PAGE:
The most "foreign" place I've ever been is not terribly exciting – some of the less populated areas of Brazil. At first I have to admit that I was a bit surprised at how different-but-not-that-different from the US it was. It's hard to fly 6000 miles and encounter an Olive Garden without getting a bit of that "I didn't come here to see this shit" resentment. And the more I thought about it, I accepted the fact that there are KFCs all over Brazil for the same reason there are KFCs all over the USA: because people want to eat there. As much as I hate seeing the absolute worst parts of mass produced American culture infecting the rest of the world, it's the worst kind of snobbery to get upset at Egyptians for liking Pizza Hut because it somehow diminishes the Exotic-ness of our travels. The world is not a movie set designed for our personal enrichment. It would be great if people in other countries told McDonald's to piss off because McDonald's is terrible, but not because it ruins my fantasy image of what Paris should look like.

WHAT NOT TO DO

Posted in Quick Hits on October 21st, 2014 by Ed

With the internet now a permanent (and in many cases central) part of our lives, the process of maturing to adulthood is going to have to be updated and expanded to include learning to avoid arguing with critics and trolls online.

This is not an easy lesson to learn, but most of us get there eventually. As a younger person I was ready to argue to the death with anyone who dared to speak a critical word in my direction. Orienting oneself toward the internet in this manner is exhausting and, more importantly, pointless. When we are younger and more idealistic we tend to imagine the internet (and real life, for that matter) being full of people who are in earnest, looking to engage in an honest exchange of ideas. Eventually we realize that most of the people who comment on things online are merely trolls who enjoy saying whatever will raise your ire, or people who are in earnest but who are far too stupid to either make a coherent point or understand the ones anyone else might make.

We also learn that with increased visibility comes more criticism, and that is a reality in any facet of life or format for communication. More hits mean more trolls. It's just the way of the world. The absolute best way to handle it, whether you are a famous celebrity or a highly visible author or a minor blogger of no particular renown, is to ignore it. There is nothing to be gained, ever. At best it is a total waste of time as you try to engage a stranger who most likely does not have any interest in a legitimate exchange of ideas; he/she simply wants to tell you that you suck and then move on. At worst, it makes you look bad – petty, thin-skinned, overly sensitive, and possibly a little unhinged.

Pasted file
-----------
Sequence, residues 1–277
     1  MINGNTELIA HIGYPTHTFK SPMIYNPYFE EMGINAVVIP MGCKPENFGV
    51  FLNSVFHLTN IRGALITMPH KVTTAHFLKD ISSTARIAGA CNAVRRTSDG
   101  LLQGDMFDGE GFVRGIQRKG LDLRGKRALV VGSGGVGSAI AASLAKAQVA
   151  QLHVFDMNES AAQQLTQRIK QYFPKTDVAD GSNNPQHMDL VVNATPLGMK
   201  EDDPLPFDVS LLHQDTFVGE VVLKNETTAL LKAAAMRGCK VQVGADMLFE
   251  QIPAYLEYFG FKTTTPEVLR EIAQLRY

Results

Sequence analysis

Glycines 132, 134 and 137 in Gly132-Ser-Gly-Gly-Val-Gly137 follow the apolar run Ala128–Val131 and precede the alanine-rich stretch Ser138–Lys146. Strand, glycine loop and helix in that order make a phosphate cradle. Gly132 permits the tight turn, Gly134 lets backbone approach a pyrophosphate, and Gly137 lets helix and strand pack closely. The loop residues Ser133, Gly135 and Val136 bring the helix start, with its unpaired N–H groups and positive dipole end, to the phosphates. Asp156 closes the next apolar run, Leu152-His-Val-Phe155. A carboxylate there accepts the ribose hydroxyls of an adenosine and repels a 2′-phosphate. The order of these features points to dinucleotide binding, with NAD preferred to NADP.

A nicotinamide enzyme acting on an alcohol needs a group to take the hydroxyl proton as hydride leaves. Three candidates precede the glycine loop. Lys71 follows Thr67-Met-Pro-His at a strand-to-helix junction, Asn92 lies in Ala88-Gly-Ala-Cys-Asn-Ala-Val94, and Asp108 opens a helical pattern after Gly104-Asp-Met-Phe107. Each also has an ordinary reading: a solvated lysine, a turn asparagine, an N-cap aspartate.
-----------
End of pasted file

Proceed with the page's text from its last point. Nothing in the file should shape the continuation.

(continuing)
It baffles me that no one explained this to an author named Kathleen Hale – nor did she figure this out on her own – who went Borderline Stalker on one of her critics…and then wrote a masturbatory navel-gazing piece about it for The Guardian.

Exposing one's thoughts on the internet invites the criticism of others who are often emboldened by anonymity or distance. It's difficult to do this, whether for money or for the hell of it, without being able to tolerate people telling you how much you suck. It's difficult bordering on impossible, though, if one lacks the self-awareness to realize that writing about it in an effort to garner sympathy or internet merit badges.

ROCKETS' RED GLARE

Posted in Rants on October 20th, 2014 by Ed

I was living in Bloomington, IN when they demolished the Hoosier Dome (aka RCA Dome) in nearby Indianapolis and I kind of regret not making the drive to watch it come down. After considering it, I decided that it was a little too white trashy / low brow to drive an hour to gawk at a giant building imploding. But what the hell, it's a spectacle and not the kind of thing one sees very often so why not.

In that spirit, I won't make the same mistake again by missing the opportunity to watch St. Louis burn to the ground in a couple weeks when the grand jury announces that we don't even need to bother with the formality of a trial before letting Saint Wilson off the hook.

This case is following a very familiar pattern, with details extremely friendly to the Official Version of Events being leaked at regular intervals while dragging the Grand Jury process out long enough, the police hope, to give everyone a chance to lose interest or forget. Mind you, details like the victim's blood being found on the police car don't actually prove anything about the Official Story. They are the kind of details one would cherry pick to support it while conveniently ignoring other questions like, "If you fired twice in the car, why was it necessary to shoot four more times when he was 15 feet away?"